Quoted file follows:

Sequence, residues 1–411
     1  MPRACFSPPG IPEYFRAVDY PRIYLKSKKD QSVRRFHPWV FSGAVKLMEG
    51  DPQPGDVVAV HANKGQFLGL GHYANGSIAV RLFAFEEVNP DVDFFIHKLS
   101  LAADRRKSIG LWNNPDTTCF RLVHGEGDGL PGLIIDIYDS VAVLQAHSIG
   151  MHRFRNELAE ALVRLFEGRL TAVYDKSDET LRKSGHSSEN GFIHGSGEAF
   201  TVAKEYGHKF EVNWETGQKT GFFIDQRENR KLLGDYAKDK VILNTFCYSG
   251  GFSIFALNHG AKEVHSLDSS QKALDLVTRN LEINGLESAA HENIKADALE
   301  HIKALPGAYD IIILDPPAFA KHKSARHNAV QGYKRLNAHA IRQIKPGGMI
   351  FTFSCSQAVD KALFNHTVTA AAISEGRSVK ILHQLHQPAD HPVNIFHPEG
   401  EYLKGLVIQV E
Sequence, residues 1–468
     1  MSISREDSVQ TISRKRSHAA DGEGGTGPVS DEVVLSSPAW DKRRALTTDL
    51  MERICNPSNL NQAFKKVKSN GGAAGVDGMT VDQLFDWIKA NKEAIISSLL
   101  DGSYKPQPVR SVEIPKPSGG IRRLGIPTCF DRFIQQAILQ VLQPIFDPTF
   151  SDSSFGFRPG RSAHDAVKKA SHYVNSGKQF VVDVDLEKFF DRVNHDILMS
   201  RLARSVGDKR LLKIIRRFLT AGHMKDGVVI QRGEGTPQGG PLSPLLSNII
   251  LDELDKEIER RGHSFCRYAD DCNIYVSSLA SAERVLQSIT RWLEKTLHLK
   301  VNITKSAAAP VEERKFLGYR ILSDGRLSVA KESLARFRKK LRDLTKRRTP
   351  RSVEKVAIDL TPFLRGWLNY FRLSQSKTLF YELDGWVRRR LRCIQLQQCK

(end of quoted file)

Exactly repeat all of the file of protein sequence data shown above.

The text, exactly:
Sequence, residues 1–411
     1  MPRACFSPPG IPEYFRAVDY PRIYLKSKKD QSVRRFHPWV FSGAVKLMEG
    51  DPQPGDVVAV HANKGQFLGL GHYANGSIAV RLFAFEEVNP DVDFFIHKLS
   101  LAADRRKSIG LWNNPDTTCF RLVHGEGDGL PGLIIDIYDS VAVLQAHSIG
   151  MHRFRNELAE ALVRLFEGRL TAVYDKSDET LRKSGHSSEN GFIHGSGEAF
   201  TVAKEYGHKF EVNWETGQKT GFFIDQRENR KLLGDYAKDK VILNTFCYSG
   251  GFSIFALNHG AKEVHSLDSS QKALDLVTRN LEINGLESAA HENIKADALE
   301  HIKALPGAYD IIILDPPAFA KHKSARHNAV QGYKRLNAHA IRQIKPGGMI
   351  FTFSCSQAVD KALFNHTVTA AAISEGRSVK ILHQLHQPAD HPVNIFHPEG
   401  EYLKGLVIQV E
Sequence, residues 1–468
     1  MSISREDSVQ TISRKRSHAA DGEGGTGPVS DEVVLSSPAW DKRRALTTDL
    51  MERICNPSNL NQAFKKVKSN GGAAGVDGMT VDQLFDWIKA NKEAIISSLL
   101  DGSYKPQPVR SVEIPKPSGG IRRLGIPTCF DRFIQQAILQ VLQPIFDPTF
   151  SDSSFGFRPG RSAHDAVKKA SHYVNSGKQF VVDVDLEKFF DRVNHDILMS
   201  RLARSVGDKR LLKIIRRFLT AGHMKDGVVI QRGEGTPQGG PLSPLLSNII
   251  LDELDKEIER RGHSFCRYAD DCNIYVSSLA SAERVLQSIT RWLEKTLHLK
   301  VNITKSAAAP VEERKFLGYR ILSDGRLSVA KESLARFRKK LRDLTKRRTP
   351  RSVEKVAIDL TPFLRGWLNY FRLSQSKTLF YELDGWVRRR LRCIQLQQCK